Wednesday, April 6, 2011

Common Loon

Thanks to Penelopedia for blogging about this loon in a pond in residential Northfield.  I photographed it on 4 April 2011.  A less wild habitat is hard to imagine.  Large, closely knit, recently built houses surround the lake.  Half submerged, and making lengthy dives, the loon repeatedly swam around the lake.  Loons control their buoyancy by filling or partially emptying their air sacs.  These sacs are part of a bird's respiratory system.  Air sacs also allow an efficient, one-way flow of air across bird lungs.  
Various hypotheses exist for why loon's eyes are red. Perhaps the sexes are attracted to red eyes. Alternatively, below 15 feet of water, red is no longer visible.  Perhaps if the eyes are not visible, prey  have trouble recognizing predators.  Several sources claim the eye color allows for better vision under water.  Some other diving birds also have red eyes.  Loon eyes, however, are not red in winter.  The question "why do loons have red eyes?" does not seem to have a definitive answer.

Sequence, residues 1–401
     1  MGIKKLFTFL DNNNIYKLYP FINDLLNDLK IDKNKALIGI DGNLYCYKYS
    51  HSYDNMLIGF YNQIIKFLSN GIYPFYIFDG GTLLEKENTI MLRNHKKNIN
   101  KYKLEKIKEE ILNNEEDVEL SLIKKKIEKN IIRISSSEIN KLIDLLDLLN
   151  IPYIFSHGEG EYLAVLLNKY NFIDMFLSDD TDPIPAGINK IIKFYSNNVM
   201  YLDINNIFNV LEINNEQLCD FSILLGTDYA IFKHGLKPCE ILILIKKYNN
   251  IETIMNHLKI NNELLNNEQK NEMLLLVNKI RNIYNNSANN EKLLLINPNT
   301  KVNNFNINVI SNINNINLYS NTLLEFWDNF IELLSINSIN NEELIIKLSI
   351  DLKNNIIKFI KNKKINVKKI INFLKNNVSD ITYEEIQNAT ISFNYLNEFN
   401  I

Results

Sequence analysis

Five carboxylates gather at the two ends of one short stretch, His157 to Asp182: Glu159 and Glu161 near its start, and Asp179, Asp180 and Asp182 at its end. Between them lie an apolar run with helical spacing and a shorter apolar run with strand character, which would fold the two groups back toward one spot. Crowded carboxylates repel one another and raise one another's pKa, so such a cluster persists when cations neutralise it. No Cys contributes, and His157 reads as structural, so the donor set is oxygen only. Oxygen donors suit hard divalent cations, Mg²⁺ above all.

1 comment:

  1. Glad you were able to see it. Interesting to learn about the air sac -- I could certainly tell it seemed to sit higher or lower in the water at various times.